How to Help End Veteran Homelessness

GA, Senior Vietnam vet begging for money
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Homelessness is visible in most U.S. cities and towns. Signs with messages such as "Iraq War Vet: Anything you give helps." are not uncommon sights on the on-ramps, intersections, and sidewalks of this nation. Often, stably-housed people become overwhelmed when faced with people in need of housing and other support. The hopeful news is that there are actions you can take each and every day to help people experiencing homelessness and to end veteran homelessness. 

First, we'll explain what we mean by "homelessness." Then, we'll identify ten specific actions, ranging from personal relationships to public advocacy that you can take to reduce harm and end veteran homelessness in the U.S. 

What Is Homelessness?

 When most people hear the word homelessness, they think of a person sleeping on the street. These people are experiencing homelessness, but they represent only 32% of the 549,928 people identified by the 2016 national count of people experiencing homelessness.

While federal agencies each have slightly different definitions of what they consider "homelessness," one simple way to think of the definition of homelessness is: anyone who doesn't have stable housing that's considered an adequate shelter for a human. This includes people who sleep on the street, in an emergency shelter, in transitional housing facilities, in a tent, and in a car because they have no other adequate place to sleep. In this article, we discuss "people who experience homelessness" or "unhoused people," not "homeless people." People shouldn't be defined by their current housing crisis—they once had a home and, with your help, they will hopefully have one again in the future.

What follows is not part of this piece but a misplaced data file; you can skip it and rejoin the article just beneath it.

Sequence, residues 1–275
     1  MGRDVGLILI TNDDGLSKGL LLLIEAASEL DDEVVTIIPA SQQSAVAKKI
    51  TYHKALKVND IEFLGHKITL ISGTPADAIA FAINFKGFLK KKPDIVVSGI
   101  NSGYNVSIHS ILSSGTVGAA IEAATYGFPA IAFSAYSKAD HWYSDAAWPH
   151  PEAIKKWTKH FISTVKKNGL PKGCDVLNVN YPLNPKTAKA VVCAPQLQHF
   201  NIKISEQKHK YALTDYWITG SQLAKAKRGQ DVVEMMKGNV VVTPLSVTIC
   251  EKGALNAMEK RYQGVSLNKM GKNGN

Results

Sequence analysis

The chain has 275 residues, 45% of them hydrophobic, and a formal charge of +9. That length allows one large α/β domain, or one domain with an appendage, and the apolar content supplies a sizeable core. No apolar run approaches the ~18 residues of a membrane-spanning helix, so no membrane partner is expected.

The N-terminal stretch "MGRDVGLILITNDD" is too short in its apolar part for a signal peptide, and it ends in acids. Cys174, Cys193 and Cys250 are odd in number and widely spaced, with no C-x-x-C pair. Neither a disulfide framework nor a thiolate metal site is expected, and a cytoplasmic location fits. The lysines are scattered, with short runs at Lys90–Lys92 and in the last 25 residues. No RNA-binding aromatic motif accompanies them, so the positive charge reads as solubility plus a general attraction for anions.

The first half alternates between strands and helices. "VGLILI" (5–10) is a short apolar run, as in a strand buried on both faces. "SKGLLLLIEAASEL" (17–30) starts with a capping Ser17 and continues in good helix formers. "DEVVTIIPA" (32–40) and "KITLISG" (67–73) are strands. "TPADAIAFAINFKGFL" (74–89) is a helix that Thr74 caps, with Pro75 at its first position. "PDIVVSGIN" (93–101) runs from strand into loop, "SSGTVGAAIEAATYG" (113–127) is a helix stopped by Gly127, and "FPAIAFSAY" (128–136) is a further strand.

Here's how you can help. 

At the Individual Level

Young adult begging on the streets of Europe
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Stay Connected to Veterans and Those Currently in the Military

One thing that most people who sleep outside have in common is that they're disconnected from their families and communities of origin. Long deployments, moving away to join the military, and the trauma many soldiers experience during war make these breaks with family and community even more likely. Staying connected with vets in your life during and after their service can create the relationships that will keep them from losing stable housing in the first place. You can help them get jobs upon returning, let them stay with you if they fall on hard times, and be on the lookout for signs of trauma that they may need support in getting treatment for.